Data Logger with MKR MEM Shield

Learn how to log data on an SD card using the MKR MEM Shield.


In this tutorial, we will find out how we can log data on an SD card. The MKR MEM Shield is a MKR form factor shield, that has a slot for a micro SD card. A great addon for any MKR board (except for Arduino MKR Zero which already has a micro SD card slot), that can be used to log data offline, or to store larger amounts of data.

We will in this tutorial only focus on logging offline data, by uploading a sketch that reads three of the analog pins on a MKR family board.


The goals of this project are:

  • Read data from the analog pins on a MKR family board.
  • Store the data on the SD card.
  • View the data using a text editor on a computer.

Hardware & Software Needed

Secure Digital (SD) Card

You have most likely used, nevertheless heard, of the SD card. It is short for Secure Digital, and is a great option for storing large quantities of data. The SD card is tiny and weighs practically nothing, yet, some of them are capable of storing up to a terabyte of data. In comparison, it is quite standard for a laptop to have between 128 - 256 gigabytes of storage space.

However, to log data from e.g. sensors, it would take quite some time to reach that limit.

Useful Scenarios

But let's take a look at when and where we might want to use an SD card. There are typically two main scenarios when they are quite useful for an Arduino project:

  • Storing larger files, e.g. sound files or icons (useful for projects using a display).
  • Logging data offline.

Let's imagine we have an Arduino board and a couple of environmental sensors, and we want to do a weather project. We do not have any way of transmitting real time data, but we would like to track the weather for the next month, to later be analysed. We do not have the possibility to connect the board to a computer, since it needs to be outdoor.

The solution: an SD card. A really simple way of logging data over a longer period of time, without any connection to Internet or a computer is to simply store it locally. Let's say we do a reading every 10 seconds of the temperature and wind speed, we can then also store that reading on the SD card.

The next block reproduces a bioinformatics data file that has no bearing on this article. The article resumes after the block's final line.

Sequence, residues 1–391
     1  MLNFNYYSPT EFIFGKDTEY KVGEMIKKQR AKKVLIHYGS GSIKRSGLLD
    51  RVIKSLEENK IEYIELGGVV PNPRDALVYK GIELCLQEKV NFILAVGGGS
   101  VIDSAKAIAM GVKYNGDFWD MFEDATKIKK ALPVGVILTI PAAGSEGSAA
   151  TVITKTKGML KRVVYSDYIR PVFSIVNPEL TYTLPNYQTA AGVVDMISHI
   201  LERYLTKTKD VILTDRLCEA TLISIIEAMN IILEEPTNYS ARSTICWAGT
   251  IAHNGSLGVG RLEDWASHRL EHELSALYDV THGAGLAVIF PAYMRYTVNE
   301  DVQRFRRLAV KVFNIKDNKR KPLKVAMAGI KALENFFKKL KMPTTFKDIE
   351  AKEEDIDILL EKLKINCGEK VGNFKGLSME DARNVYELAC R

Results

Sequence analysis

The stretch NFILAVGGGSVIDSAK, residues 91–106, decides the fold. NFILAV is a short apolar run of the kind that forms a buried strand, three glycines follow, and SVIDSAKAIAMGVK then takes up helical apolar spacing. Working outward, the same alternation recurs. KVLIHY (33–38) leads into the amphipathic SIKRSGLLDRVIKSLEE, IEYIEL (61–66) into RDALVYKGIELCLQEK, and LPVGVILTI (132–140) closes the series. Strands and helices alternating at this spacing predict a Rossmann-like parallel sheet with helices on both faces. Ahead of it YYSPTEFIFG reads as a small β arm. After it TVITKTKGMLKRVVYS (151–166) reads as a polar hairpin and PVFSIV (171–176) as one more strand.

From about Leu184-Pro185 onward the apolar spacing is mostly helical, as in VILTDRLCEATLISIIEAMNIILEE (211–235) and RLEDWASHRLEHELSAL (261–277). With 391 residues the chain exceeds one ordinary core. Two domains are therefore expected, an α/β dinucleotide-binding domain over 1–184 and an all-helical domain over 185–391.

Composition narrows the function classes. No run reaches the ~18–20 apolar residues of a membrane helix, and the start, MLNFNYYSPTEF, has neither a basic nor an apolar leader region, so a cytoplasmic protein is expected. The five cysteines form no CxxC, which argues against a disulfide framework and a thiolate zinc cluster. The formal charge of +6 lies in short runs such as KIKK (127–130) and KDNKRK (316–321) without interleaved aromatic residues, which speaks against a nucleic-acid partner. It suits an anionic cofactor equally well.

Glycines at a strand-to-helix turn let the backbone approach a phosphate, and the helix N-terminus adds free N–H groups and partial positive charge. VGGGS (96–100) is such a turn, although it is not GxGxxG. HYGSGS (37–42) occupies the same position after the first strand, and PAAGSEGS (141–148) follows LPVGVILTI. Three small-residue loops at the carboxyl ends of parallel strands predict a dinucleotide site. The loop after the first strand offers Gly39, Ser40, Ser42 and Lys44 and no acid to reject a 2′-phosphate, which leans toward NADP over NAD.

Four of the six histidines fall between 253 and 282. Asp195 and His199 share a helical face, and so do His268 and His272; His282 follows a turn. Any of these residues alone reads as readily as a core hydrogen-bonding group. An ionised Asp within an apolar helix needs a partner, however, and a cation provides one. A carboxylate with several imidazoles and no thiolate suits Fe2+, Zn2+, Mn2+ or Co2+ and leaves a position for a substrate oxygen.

Storing different data types.
Storing different data types.

When we have finished recording, we simply remove the SD card and plug it into a computer. The data has now nicely been logged, and these values can easily be converted into a graph. We can then for example see the pattern of temperature going up and down and the wind increasing.

Graphing the data.
Graphing the data.


The circuit for this tutorial is very easy. First, let's mount the MKR MEM Shield on top of a MKR family board of your choice.

Mounting the shield.
Mounting the shield.

Now, we need to insert a micro SD card into the slot on the shield.

Inserting the Micro SD card.
Inserting the Micro SD card.

Programming the Board

We will now get to the programming part of this tutorial. We will here create a program that will make readings on A0, A1 and A2, create a file on the SD card, and log the readings in that file.

1. First, let's make sure we have the drivers installed. If we are using the Web Editor, we do not need to install anything. If we are using an offline editor, we need to install it manually. This can be done by navigating to Tools > Board > Board Manager.... Here we need to look for the Arduino SAMD boards (32-bits ARM Cortex M0+) and install it.

2. We can now take a look at some of the core functions of this sketch:

  • while (!Serial)
  • SD.begin(chipSelect)
    - initializes the SD card with selected pin.
  • File dataFile ="datalog.txt", FILE_WRITE)
    - creates the
    object to access the library functionalities, and opens/create a file named
    on the SD card, and set it to write mode.
  • dataFile.print()